top of page
Image by Chris Lee

Blog & More

Resources for designing your personal Roadmap to Thriving

Electrolytes: Not just for athletes.

Electrolytes are crucial for life. Without them, we couldn’t think, move, breathe, or do much of anything else.

We have all been told at some point to grab a sports drink to help replenish your electrolytes when you are sweating heavily and burning lots of calories. But what if you aren't an athlete or aren't doing a heavy workout? The short answer is yes. You still need them and may not be getting enough if:

1. you eat mostly whole foods

2. you are on a low carb diet

3. you are not picking up the salt shaker regularly

What are Electrolytes?

Electrolytes are minerals that carry electrical charges. Their primary role is to facilitate cell-to-cell communication. They are involved in the balance of water in the body (hydration), the pH balance in the body, the movement of nutrients into cells and elimination of waste from cells and the proper functioning of nerve, muscle, heart and brain cells.

The minerals that are classified as electrolytes include:

  • Sodium

  • Potassium

  • Magnesium

  • Chloride

  • Calcium

  • Phosphorus


You are probably familiar with the negative effects of low sodium, although you may now know it. If you have ever experienced the following, it may have been caused by low sodium.

  • Headaches, fatigue, brain fog, and other keto flu symptoms

  • Frequent muscle cramps

  • Low energy

  • Insomnia

  • Elevated blood pressure

  • Decreased bone mineral density

Our sodium retention system causes many of these problems. When you don’t get enough salt, you release aldosterone, epinephrine, renin, and other stimulating and blood-pressure-elevating hormones in an attempt to spare your body the loss of sodium.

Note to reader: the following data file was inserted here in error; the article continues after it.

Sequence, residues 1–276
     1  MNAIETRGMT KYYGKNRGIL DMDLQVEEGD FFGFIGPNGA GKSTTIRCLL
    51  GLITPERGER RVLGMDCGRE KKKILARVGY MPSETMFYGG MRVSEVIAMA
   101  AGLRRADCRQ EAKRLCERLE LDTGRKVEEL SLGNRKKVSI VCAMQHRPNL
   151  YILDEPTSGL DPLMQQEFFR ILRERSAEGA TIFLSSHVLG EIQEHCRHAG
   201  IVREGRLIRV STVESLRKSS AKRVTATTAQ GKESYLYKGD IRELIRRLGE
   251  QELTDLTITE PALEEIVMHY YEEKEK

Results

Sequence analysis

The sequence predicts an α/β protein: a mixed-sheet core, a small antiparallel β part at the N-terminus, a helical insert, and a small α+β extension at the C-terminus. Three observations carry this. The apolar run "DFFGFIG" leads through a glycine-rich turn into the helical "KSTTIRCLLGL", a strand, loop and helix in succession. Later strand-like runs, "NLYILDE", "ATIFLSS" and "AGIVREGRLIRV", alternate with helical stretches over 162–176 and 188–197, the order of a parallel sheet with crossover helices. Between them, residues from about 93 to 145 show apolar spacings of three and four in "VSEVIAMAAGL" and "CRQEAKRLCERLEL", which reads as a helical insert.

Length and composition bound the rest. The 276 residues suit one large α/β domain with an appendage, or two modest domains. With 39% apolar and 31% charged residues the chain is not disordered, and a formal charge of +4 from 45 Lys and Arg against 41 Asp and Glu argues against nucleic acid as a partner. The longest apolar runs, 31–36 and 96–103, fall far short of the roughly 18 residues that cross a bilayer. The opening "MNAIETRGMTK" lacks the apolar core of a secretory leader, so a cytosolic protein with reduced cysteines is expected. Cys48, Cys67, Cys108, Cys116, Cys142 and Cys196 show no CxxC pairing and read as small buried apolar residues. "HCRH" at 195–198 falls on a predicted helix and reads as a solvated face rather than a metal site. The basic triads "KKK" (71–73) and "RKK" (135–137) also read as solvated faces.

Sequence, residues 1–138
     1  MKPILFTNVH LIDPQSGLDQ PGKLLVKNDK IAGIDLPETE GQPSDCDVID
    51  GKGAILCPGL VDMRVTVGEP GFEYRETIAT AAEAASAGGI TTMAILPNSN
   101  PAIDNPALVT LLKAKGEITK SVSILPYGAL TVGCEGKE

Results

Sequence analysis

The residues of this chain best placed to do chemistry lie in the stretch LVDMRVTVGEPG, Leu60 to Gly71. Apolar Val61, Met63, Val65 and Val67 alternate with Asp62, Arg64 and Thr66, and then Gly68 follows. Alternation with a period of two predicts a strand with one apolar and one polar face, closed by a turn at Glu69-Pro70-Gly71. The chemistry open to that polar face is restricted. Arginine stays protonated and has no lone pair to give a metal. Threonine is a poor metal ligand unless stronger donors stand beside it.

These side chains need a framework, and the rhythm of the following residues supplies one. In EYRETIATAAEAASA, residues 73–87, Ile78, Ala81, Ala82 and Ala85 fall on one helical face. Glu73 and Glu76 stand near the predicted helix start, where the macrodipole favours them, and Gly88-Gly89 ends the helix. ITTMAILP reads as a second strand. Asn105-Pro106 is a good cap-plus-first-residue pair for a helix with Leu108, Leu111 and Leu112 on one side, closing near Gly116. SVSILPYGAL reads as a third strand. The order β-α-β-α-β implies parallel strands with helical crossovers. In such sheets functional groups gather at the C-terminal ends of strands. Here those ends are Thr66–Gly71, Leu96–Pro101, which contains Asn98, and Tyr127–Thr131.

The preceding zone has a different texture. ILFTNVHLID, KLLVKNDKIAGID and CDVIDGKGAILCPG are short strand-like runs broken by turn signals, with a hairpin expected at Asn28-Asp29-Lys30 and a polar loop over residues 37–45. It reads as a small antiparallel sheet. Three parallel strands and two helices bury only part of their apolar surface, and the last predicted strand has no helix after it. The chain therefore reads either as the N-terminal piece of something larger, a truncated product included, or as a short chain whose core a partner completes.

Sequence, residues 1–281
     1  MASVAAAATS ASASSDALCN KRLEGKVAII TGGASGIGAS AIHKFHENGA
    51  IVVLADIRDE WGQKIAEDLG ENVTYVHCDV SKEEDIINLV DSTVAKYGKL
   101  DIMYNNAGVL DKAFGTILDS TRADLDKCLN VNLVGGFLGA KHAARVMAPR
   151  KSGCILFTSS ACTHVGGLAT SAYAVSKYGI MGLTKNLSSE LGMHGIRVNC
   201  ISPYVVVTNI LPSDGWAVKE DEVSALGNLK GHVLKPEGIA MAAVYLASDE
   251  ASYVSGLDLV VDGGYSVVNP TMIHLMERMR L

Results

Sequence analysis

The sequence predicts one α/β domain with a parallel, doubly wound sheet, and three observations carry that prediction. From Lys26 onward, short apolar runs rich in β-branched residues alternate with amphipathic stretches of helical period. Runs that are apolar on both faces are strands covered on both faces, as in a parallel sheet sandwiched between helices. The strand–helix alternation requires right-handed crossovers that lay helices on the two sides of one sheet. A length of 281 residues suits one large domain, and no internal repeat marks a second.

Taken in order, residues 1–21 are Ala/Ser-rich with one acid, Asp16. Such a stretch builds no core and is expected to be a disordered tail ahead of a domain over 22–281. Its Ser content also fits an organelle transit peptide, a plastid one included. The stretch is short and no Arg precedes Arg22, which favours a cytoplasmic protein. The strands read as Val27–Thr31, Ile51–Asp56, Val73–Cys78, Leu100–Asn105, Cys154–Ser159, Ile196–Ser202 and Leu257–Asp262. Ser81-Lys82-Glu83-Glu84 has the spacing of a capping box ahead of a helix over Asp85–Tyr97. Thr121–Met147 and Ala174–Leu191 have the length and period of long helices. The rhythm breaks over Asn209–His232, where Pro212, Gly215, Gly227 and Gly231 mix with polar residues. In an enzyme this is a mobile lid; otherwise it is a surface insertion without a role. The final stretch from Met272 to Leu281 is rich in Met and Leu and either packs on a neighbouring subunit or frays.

Inadequate electrolyte intake also impairs bone health. Why? Because bone is your primary electrolyte reservoir. If dietary intakes are low, bone gets tapped.

The best way to increase sodium consumption is to add it to your food or you can consume it in the form of an electrolyte drink.

But isn't sodium bad for you? Today the USDA recommends capping sodium at 2.3 grams per day to reduce the risk of hypertension and heart disease. The American Heart Association (AHA) is even more discouraging on salt, advising you to stay under 1.5 grams per day. For reference, the average American consumes about 3.4 grams of sodium per day. However, recent scientific literature to support the reduction of sodium continues to be underwhelming. It is likely that most people will actually benefit from upwards of 5 grams a day or more if they are in a category of greater loss (see below).


About 97% of Americans don’t consume enough potassium. Why? Because the vast majority of Americans don’t consume enough potassium rich foods like spinach, avocados, salmon, beets and sweet potatoes.

Getting enough potassium (3.5 - 4.7 grams) is shown to minimize the risk of cardiovascular disease, stroke, bone loss and kidney stones.


Magnesium does just about everything in the body from building proteins and strong bones to regulating blood sugar and blood pressure to supporting energy production, muscle and nerve functions. Magnesium also acts an electrical conductor that contracts muscles and makes the heart beat steadily. It assists in over 300 enzymatic reactions in the body.

Most dietary magnesium comes from dark green, leafy vegetables. Other foods that are good sources of magnesium are:

  • Fruits (such as bananas, dried apricots, and avocados)

  • Nuts (such as almonds and cashews)

  • Peas and beans (legumes), seeds

  • Soy products (such as soy flour and tofu)

  • Whole grains (such as brown rice and millet)

  • Milk

Suggested dietary amounts for adult women is around 320 mgs per day and around 420 mgs for adult men. Studies have found that someone suffering from migraines may benefit from supplementing with 400-600 mgs of magnesium oxide per day.


Chloride works with other electrolytes, such as sodium and potassium, to help balance acids and bases in your body. It always comes with sodium in salt. If you’re getting enough sodium, you’re likely getting enough chloride.